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Author Topic: Heavy Guys Spinning Out  (Read 808 times)
wnethercote
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Posts: 102


« on: February 13, 2019, 08:26:22 AM »

We have a couple of 'heavy' guys (220lbs +) in Nova Ice yacht Club who struggle in medium to heavy winds because they spin out a lot.  They run stiff planks as you might expect, and normally set their runner planks full aft because they rarely hike at all.  They align their runners with the plank under load (weight plus 30lbs) and set the chocks for runners vertical.  They typically run 36 inch by 3/16 or 36 by 1/4 inch inserts.  Both run composite masts: one a Sherry and the other a Kent.

One of these fellows runs Kent-style chocks on his own plank and wondered if perhaps this type of chock wasn't stiff enough for heavy guys.  But Jeff Kent (with apologies :-)  ) is no lightweight either.

I speculated that moving the plank forward might put even more load on the side runners to make them 'stick' better.  Yesterday one of them tried this, with no effect, but then borrowed a 115 lb/inch stiffness plank instead of his own 135 lb/inch plank and the problem went away.  This suggests that he should set up his chocks so his runners have a little bit of negative camber (to use automotive talk) instead of being vertical.

Other thoughts?

Warren Nethercote, KC 3786
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eric_anderson
Newbie

Posts: 44


« Reply #1 on: February 13, 2019, 09:41:56 AM »

Over the years I have gradually moved from very stiff planks to reasonably soft ones.  What causes a boat to spin out?  2 contributing factors are bumpy ice and gusty winds.  In both cases a soft plank helps.  Stiffer planks seem to be more difficult to sail in heavy wind.
A soft plank does not loose contact with the ice as much when you hit small bumps- better shock absorption.  When the blade looses contact with the ice there is nothing  to prevent you from starting a spin.
 At the same time a soft plank bends under load from gusts which mitigates  the power of the gust.  The increased power of the gust can start a spin.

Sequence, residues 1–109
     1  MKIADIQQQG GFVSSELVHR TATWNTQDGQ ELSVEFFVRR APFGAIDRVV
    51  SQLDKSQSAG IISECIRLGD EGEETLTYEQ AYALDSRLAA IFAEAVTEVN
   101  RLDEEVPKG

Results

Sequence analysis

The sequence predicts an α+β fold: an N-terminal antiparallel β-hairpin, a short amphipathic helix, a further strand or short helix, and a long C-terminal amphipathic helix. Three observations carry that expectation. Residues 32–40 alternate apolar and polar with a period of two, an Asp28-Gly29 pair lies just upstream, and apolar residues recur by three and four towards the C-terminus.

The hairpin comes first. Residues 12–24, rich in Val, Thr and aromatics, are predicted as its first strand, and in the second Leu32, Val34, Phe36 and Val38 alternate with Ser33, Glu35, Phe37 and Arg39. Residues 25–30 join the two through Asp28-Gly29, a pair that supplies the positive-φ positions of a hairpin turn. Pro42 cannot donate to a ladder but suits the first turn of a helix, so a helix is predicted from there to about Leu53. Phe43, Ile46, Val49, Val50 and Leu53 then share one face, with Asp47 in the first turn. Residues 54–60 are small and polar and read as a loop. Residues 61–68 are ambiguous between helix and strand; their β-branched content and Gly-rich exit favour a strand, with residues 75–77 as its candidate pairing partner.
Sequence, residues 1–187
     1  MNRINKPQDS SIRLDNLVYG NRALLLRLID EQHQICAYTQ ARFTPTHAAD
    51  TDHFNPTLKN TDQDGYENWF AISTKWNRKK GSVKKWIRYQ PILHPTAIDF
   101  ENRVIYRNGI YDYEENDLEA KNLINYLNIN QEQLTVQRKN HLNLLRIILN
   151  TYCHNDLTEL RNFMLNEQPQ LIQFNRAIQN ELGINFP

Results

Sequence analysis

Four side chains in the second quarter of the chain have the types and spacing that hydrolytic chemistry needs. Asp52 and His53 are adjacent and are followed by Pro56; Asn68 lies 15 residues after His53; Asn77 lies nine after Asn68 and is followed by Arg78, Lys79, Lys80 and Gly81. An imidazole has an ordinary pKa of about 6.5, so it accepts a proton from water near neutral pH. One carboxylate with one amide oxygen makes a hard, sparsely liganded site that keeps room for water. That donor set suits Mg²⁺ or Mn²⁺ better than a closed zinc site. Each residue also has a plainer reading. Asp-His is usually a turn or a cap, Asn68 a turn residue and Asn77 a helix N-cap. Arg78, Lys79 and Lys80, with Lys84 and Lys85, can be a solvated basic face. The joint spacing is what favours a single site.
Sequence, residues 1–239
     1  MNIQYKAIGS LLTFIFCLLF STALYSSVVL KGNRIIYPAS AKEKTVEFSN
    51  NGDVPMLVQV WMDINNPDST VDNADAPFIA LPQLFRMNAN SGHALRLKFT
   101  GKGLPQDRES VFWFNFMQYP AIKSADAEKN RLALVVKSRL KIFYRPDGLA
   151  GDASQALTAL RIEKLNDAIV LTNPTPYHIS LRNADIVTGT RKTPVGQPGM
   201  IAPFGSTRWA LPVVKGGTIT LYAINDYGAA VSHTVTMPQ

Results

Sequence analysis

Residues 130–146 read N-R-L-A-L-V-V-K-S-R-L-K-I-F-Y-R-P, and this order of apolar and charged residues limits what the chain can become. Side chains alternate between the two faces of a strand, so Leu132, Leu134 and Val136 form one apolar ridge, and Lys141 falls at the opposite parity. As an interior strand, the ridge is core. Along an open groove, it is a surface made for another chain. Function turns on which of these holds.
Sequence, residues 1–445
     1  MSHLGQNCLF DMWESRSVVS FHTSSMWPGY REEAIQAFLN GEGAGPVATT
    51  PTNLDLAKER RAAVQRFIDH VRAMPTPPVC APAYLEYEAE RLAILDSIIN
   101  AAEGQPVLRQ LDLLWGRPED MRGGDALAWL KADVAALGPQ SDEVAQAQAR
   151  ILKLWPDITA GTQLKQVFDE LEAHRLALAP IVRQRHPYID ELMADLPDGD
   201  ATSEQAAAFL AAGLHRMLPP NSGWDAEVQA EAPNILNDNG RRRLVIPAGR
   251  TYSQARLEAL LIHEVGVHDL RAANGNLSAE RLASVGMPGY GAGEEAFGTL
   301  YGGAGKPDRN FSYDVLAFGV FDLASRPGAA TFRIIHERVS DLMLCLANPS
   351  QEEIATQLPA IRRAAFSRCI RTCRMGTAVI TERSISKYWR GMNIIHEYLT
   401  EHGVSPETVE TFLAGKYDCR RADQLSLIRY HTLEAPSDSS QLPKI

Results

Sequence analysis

The other thing is that runners play a big part.   Heavy flat sharp runners at 90 degrees helps.

In big breeze, if I am going to spin it will usually be in a gybe.   After you gybe, until you get the mast bent out on the new direction, the sail plan is a lot more loaded which in term loads the runners.   
In moderate conditions, I gybe and head up above my final course to get the mast bent out and speed back up then come down to my final new course.
If it is blowing hard and the ice is hard, I usually “stutter” gybe.  I start a gybe, and as soon as the boom comes across I keep the bow low.  I over sheet to initiate mast bend, and  then ease the sheet  to prevent a stall as I head up gradualy to the point that I can hold the boat down.  If I gybe aggressively, there is a good chance I will spin.

Just my opinion
Eric Anderson US 5193
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rlc
Class Member
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Posts: 10



« Reply #2 on: March 13, 2019, 05:21:24 PM »

As a 220lb+ sailor it seems to me there are several considerations here.  I think Eric is correct on the plank stiffness, but what about runner profile and sharpness?  If these guys are sailing around on really flat runners that aren't very sharp, they are likely to get into trouble. This is especially true on some of the rock hard ice I sail on in Wisconsin, but I'm not sure how relevant that is in NS.  In my own case I tend not to sail around on really sharp runners.  They are not flat and have about about 20 inches of .008 crown, if not more.  I also don't sail on 90 degree runners all that much, as 95 or 100 degrees seems to be adequate until it is really blowing.  I try not to make sudden sharp maneuvers, but outside of those situations, spinning out is not something I worry much about.  I'm not real fast, so some other opinions might be worthwhile.

US3433
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